Taking a jagged, almost experimental approach to doom, Blacklab’s music is a curious fusion of Black Sabbath, Boris, and The Stooges. This is dark, raw, and peppered with hardcore and noise rock influences.
Glacial, monolithic distortion and droning mood is paired with moments of upbeat pained punk and mid-paced rumblings that sound spiky and dangerous. Blacklab’s music is very much of the underground in feel and delivery, and it has an endearing earnestness to it because of this. There’s more melody here than I initially expected, although this isn’t the music’s defining feature. No, that would be a combination of the rough fuzzy guitars and the impressively individual vocals.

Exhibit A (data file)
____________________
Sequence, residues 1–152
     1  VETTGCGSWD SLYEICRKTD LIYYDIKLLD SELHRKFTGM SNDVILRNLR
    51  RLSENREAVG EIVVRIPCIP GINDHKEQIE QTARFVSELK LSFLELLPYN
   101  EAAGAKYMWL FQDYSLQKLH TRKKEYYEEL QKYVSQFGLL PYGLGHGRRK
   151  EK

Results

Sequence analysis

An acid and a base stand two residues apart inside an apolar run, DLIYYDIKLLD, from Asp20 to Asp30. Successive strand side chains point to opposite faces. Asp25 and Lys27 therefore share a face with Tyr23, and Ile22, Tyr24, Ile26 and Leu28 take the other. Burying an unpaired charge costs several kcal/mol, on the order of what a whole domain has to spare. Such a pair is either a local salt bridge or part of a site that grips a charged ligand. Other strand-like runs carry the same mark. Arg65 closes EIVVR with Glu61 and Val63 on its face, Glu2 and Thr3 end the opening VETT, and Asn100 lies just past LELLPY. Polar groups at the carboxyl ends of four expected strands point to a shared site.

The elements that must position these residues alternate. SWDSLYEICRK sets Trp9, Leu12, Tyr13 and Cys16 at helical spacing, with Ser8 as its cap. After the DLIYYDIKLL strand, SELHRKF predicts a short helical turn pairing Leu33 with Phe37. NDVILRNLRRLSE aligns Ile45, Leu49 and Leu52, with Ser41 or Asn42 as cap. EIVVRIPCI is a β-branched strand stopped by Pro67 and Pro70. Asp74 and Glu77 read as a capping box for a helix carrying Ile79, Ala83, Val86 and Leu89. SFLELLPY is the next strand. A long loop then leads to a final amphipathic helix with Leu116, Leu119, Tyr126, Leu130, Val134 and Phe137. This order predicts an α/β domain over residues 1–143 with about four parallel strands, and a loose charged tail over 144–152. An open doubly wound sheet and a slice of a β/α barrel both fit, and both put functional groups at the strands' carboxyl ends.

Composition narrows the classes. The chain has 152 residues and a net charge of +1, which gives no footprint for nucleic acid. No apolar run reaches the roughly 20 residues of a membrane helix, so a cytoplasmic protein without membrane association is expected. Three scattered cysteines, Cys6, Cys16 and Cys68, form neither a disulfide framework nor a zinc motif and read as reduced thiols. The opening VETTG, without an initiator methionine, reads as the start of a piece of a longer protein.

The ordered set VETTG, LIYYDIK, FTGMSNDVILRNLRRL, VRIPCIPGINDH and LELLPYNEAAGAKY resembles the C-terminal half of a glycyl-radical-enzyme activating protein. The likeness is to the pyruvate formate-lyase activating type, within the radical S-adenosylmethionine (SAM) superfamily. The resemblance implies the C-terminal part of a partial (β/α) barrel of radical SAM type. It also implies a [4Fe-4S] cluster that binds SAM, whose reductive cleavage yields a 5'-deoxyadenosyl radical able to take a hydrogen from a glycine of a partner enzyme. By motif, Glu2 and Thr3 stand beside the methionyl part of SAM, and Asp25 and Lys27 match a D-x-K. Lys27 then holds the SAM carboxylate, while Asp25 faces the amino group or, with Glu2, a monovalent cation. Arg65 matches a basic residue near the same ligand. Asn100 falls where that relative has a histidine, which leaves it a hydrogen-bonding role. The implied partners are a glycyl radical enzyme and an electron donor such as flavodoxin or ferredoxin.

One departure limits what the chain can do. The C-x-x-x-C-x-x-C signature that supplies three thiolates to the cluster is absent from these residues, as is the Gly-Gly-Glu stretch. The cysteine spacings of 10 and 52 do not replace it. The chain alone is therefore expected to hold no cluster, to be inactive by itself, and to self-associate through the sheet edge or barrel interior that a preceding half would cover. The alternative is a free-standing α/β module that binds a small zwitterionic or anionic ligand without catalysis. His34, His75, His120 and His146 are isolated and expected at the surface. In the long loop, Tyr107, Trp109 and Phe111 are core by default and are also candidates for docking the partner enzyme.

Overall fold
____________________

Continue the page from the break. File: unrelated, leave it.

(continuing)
The songs have a lot of personality, not the least part of which can easily be attributed to the singer’s aforementioned charismatic voice. Her vocals range from harsh screams to soft crooning, with a variety of different styles touched on in between.
Overall this is an enjoyable piece of work, albeit one that I have to be in a particular mood for. The band have successfully created a barbed, snarling slab of doom, one which more than earns its keep.
Check out Abyss, and get sucked into its deep, dark embrace.